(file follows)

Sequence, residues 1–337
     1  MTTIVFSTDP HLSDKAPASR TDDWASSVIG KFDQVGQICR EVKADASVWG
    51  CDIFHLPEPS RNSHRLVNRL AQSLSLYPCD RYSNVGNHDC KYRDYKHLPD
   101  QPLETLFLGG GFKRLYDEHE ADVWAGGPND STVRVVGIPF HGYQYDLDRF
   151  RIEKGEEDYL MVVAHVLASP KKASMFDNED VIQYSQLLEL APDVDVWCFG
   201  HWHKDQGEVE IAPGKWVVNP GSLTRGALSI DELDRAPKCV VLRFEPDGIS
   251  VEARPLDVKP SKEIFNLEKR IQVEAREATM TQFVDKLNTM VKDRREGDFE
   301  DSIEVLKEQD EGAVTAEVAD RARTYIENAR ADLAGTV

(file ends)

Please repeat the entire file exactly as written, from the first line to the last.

Sequence, residues 1–337
     1  MTTIVFSTDP HLSDKAPASR TDDWASSVIG KFDQVGQICR EVKADASVWG
    51  CDIFHLPEPS RNSHRLVNRL AQSLSLYPCD RYSNVGNHDC KYRDYKHLPD
   101  QPLETLFLGG GFKRLYDEHE ADVWAGGPND STVRVVGIPF HGYQYDLDRF
   151  RIEKGEEDYL MVVAHVLASP KKASMFDNED VIQYSQLLEL APDVDVWCFG
   201  HWHKDQGEVE IAPGKWVVNP GSLTRGALSI DELDRAPKCV VLRFEPDGIS
   251  VEARPLDVKP SKEIFNLEKR IQVEAREATM TQFVDKLNTM VKDRREGDFE
   301  DSIEVLKEQD EGAVTAEVAD RARTYIENAR ADLAGTV